Susan Wolf gave another interesting talk the other week, this time on the concept of 'moral obligation'. (We may take this as equivalent to notions of what is 'morally required', or what it would be 'morally wrong' not to do.) The most natural way to explicate the idea is in terms of what one has decisive moral reason to do, but Wolf suggested that this doesn't work.
The problem is that we often have decisive moral reason to do things which (seemingly) aren't morally obligatory. Wolf appealed to the example of not driving an SUV. The environmental and safety disadvantages of SUVs count against them, and for typical urban usage there really aren't sufficient favourable reasons to counterbalance these and make driving an SUV around town a reasonable thing to do. Sure, it's not the end of the world, but the moral reasons here do count conclusively against driving an SUV. It's not something a perfectly reasonable agent would do. Now, despite this, we do not typically think people are obligated or required to drive more sensible cars. While their decision may be morally imperfect, it is not "immoral" in the strong sense (which we may align with blameworthiness and social censure). So decisive moral reasons are insufficient to establish moral obligation.
I wonder whether decisive moral reasons are at least necessary for obligations to be incurred. Perhaps this must be so, in order to leave room for supererogatory actions. We can say that an action is supererogatory when the strong moral reasons that count in its favour are nevertheless not decisive (perhaps due to strong prudential disadvantages).
This leaves us with a tripartite moral structure. An agent might reasonably fail to perform supererogatory actions, though it would be very nice if they did manage them. Then there's the important middle layer where one has decisive moral reasons, and so is at least unreasonable (in the weak sense of "less than ideally reasonable") if one fails to act accordingly. And then we have the base level of moral obligation, or what is required to meet minimal standards of moral decency. This reminds me of the "ethical minimalism" Paul Studtmann argued for once back at Canterbury. Though I got the impression that Wolf considers the second level to be more important (and appropriate to aspire to) than the minimalist base.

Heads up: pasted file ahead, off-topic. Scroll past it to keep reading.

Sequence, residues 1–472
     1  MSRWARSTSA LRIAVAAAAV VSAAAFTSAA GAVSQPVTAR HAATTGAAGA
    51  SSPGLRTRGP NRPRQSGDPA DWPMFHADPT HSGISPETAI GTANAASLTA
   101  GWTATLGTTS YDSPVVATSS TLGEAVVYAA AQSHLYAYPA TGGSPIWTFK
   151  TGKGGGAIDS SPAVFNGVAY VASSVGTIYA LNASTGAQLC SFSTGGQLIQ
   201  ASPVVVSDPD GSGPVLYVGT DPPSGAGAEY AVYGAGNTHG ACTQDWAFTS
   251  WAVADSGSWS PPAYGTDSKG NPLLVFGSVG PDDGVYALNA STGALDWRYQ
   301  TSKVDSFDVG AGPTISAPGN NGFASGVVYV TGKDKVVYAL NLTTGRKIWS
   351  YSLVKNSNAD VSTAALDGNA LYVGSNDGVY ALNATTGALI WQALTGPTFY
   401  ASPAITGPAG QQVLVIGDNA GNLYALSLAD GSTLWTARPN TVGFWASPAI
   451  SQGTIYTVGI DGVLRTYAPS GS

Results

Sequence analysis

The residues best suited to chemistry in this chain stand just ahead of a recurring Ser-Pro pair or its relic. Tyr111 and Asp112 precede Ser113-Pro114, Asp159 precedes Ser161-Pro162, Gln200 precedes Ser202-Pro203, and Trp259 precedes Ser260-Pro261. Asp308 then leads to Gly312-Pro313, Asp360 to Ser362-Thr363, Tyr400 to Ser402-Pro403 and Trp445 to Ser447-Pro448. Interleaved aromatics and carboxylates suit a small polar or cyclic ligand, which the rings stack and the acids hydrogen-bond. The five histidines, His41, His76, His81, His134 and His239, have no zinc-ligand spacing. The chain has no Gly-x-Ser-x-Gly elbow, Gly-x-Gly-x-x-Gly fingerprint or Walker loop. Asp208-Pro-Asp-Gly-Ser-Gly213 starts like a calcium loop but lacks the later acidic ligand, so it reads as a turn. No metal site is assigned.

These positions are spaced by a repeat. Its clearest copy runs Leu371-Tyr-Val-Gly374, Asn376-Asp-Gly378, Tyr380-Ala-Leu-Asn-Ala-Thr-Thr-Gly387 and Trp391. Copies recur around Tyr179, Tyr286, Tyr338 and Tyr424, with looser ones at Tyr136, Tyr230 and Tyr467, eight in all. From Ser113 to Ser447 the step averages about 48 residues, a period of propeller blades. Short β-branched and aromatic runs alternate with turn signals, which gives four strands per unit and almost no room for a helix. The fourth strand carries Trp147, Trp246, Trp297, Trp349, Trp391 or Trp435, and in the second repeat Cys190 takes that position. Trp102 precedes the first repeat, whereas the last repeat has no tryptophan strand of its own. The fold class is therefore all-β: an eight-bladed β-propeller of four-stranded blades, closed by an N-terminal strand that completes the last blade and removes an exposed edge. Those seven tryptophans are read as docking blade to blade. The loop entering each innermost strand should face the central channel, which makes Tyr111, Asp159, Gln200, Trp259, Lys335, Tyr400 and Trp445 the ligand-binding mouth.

But I digress. Returning to Wolf's talk: she pointed out that we need to set aside a small subset of the morally desirable actions as 'obligatory' for pragmatic reasons. There are too many morally desirable actions, and we can't expect everyone to satisfy them all. That would make morality too demanding. So it is useful for society to be able to point to a subset of the most important actions and say, "you must at least do those!" It is the binding force of this 'must' which distinguishes moral obligation from the weaker sense of moral desirability in which you ought not to drive an SUV.
The crucial question now arises: how are we to draw this distinction? What makes some morally desirable actions obligatory, and not others? One might initially think to appeal to the 'weightiness' of the moral reasons. (The SUV case seems non-obligatory precisely because it is relatively trivial. The reasons are decisive, but decisively small.) But that won't do, because we can have trivial moral obligations, such as the obligation not to steal a paperclip.
Wolf proposed a modified "social command theory" of obligation, such that X is morally obligatory only if X is commanded by society (and backed by adequate moral reasons). But that strikes me as unacceptably arbitrary, despite the parenthetical constraint. Surely the facts about moral obligation must be determined solely by morally relevant facts, i.e. facts about welfare, not anyone's arbitrary "commands". It also has the odd consequence that we can change what's truly obligatory, simply by influencing opinions or expectations, and hence altering "what society commands".
Besides, it isn't clear that anything else in Wolf's argument leads to this particular theory of obligation. In light of her pragmatic motivations, all she needs is some way or other to draw a distinction. Arbitrariness doesn't matter for her purposes, because she doesn't believe there's any principled basis upon which to draw the distinction in any case! So we might just as well adopt the Coin Theory of Obligation: for any morally desirable act-type A, flip a coin. If the coin lands heads, then A is morally obligatory. Otherwise it is not. (It's no more arbitrary than appealing to societal "commands", after all!)
In fact, given the pragmatic motivations, Wolf really should be led to an indirect utilitarian theory of obligation. Since our aim is to draw a distinction which will help promote more moral behaviour in practice, the obvious basis for this distinction is to identify that class of actions which, if recognized as 'moral requirements', will have the morally best consequences. There is certainly some fact of the matter about which such classes would have the best results, and so we have a principled basis for determining (in the metaphysical sense; whether we can know these facts is another question!) which actions are morally obligatory.